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Diversity Jurisdiction and Overcoming Defense Claims of ‘Fraudulent Joinder’ in Your New Jersey Discrimination Case

There might be various reasons why you’d prefer to litigate your New Jersey discrimination case in a state Superior Court as opposed to a federal District Court. (You may have considered issues of speed, cost, the kind of jury that’ll hear your case, or other factors.) Whatever the reason, you and your knowledgeable New Jersey employment discrimination lawyer undoubtedly contemplated the issue at great length, so you want to do everything possible to ensure that your case eventually proceeds in the court you prefer.

There may be various ways you can shield your state court case from potential removal to federal court. An experienced attorney can help you with pleading your discrimination case in a way that avoids unnecessary exposure to removal.

One of those potential exposures is something the law calls “diversity jurisdiction,” as a recent disability discrimination case from Somerset County illustrates.

The employee, J.V., worked as a manager with a New Jersey jeweler when he took a month of Family and Medical Leave Act (FMLA) leave to attend an outpatient addiction treatment facility. Soon after the manager returned to work, he received his first disciplinary “write-up.” Upper managers with the employer also allegedly made comments that caused J.V. to believe knowledge of his addiction disability had leaked.

The company furloughed all its sales employees, including J.V., at the start of the COVID-19 pandemic in March 2020. The jeweler began bringing people back in May, but J.V. was not one of them. By September, J.V.’s district manager allegedly called him and told him he was terminated.

On those bases, the manager launched a civil lawsuit for disability discrimination and retaliation in violation of the New Jersey Law Against Discrimination (NJLAD). The manager filed his complaint in state court.

The employer, an Ohio-based entity, asked the court to move the case to federal court based on diversity jurisdiction. (Diversity jurisdiction refers to a case where the opposing parties are residents of different states.)

Complete Diversity Versus Incomplete Diversity

One way you can avoid a diversity-based removal to federal court is by pleading a case that short-circuits a defense argument of diversity. The law requires complete diversity to move a case from state court to federal court. For example, if you’re a New Jersey resident and you sue a New York resident and a Delaware corporation in your discrimination case, that’s complete diversity, and the defense can typically remove the case to federal court. By contrast, if you sue the same Delaware corporation and New York resident, but also name a New Jersey resident, that’s incomplete diversity, and that generally would prevent removal to federal court.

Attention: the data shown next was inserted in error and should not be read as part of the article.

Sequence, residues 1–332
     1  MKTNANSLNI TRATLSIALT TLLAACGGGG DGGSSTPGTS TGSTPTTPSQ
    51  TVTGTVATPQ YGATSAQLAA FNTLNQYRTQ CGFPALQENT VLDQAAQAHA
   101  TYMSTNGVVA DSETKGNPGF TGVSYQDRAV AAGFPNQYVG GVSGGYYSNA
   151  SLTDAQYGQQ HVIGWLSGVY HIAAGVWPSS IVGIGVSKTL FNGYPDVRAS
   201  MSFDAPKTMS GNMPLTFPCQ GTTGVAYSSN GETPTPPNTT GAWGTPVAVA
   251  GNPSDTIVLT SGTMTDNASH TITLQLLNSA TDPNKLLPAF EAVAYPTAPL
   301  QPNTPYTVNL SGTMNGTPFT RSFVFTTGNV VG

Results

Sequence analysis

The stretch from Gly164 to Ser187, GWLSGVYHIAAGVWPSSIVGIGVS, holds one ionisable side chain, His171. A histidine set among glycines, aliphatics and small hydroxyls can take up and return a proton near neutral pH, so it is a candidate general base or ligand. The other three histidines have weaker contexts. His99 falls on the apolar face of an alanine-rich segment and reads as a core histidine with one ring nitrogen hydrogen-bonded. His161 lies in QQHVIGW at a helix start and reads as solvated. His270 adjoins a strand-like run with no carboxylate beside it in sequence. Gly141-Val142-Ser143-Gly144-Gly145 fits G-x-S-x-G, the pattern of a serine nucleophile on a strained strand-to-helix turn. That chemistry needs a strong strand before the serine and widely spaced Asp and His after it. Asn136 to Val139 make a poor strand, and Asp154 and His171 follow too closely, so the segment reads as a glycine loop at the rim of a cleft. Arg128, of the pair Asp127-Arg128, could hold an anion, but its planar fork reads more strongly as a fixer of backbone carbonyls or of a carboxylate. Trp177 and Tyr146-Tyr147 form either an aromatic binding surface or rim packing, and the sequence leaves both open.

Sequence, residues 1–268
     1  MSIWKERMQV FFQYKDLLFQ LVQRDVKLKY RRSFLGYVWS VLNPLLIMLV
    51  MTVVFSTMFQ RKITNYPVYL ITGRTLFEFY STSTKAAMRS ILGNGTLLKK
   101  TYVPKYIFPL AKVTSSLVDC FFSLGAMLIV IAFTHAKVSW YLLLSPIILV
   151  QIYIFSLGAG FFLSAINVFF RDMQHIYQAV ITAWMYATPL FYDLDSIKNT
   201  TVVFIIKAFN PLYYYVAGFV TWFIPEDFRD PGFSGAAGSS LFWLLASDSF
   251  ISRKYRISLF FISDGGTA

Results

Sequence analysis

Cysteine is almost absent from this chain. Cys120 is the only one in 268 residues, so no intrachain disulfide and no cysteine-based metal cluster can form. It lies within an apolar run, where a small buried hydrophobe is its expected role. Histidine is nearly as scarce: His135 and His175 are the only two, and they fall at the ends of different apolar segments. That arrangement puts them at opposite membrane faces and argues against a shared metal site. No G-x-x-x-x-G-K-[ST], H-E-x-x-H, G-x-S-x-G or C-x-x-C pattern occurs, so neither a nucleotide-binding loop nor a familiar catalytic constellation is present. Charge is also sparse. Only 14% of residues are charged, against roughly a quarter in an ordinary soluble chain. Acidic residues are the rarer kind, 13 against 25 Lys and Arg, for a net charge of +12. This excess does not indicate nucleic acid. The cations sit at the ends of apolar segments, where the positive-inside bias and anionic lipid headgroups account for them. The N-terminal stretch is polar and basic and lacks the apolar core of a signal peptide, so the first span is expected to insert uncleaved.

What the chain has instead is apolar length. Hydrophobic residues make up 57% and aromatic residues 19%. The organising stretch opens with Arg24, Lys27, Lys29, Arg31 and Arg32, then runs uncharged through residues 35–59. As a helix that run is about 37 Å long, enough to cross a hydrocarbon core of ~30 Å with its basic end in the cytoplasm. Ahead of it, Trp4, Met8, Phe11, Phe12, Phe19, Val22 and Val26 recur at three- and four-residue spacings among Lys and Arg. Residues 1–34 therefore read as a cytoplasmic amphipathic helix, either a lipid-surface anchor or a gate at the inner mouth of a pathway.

Because of the stakes, a defendant employer who wants to proceed in federal court may challenge the inclusion of the one New Jersey defendant you named in your complaint. In J.V.’s case, he included the district manager who told him he was terminated. That woman was a Bergen County resident, which made diversity incomplete instead of complete. The employer argued that the inclusion of the district manager, who was the only New Jersey defendant, was a fraudulent action (“fraudulent joinder”) and that the claims J.V. asserted against her were bogus.

If you’re the worker seeking to proceed in state court, the burden on your employer when it asserts fraudulent joinder is a heavy one. Basically, your employer has to show that “there is no reasonable basis in fact or colorable ground supporting the claim against the joined defendant” or, in other words, demonstrate the “impossibility” of the claims against that defendant.

J.V.’s case alleged that the district manager either participated in, or had knowledge of, the alleged disability discrimination, and therefore qualified as liable as an “aider and abettor” under the NJLAD. That argument, the court said, was not impossible, which meant the inclusion of the district manager was not fraudulent and J.V. was entitled to have his case returned to state court.

Deciding where to advance your workplace discrimination case is one of the many critical decisions you must make as part of pursuing your claim for compensation. Each of these decisions carries with it consequences — some of them dire — if you choose unwisely. To avoid those traps and pitfalls, make sure you have the knowledgeable legal representation you need. The experienced New Jersey disability discrimination attorneys at Phillips & Associates are here to help. We’ve helped countless New Jersey workers harmed by disability discrimination and retaliation, so we’re equipped to provide you the effective representation you deserve. Contact us online or at (609) 436-9087 today to set up a free and confidential consultation.

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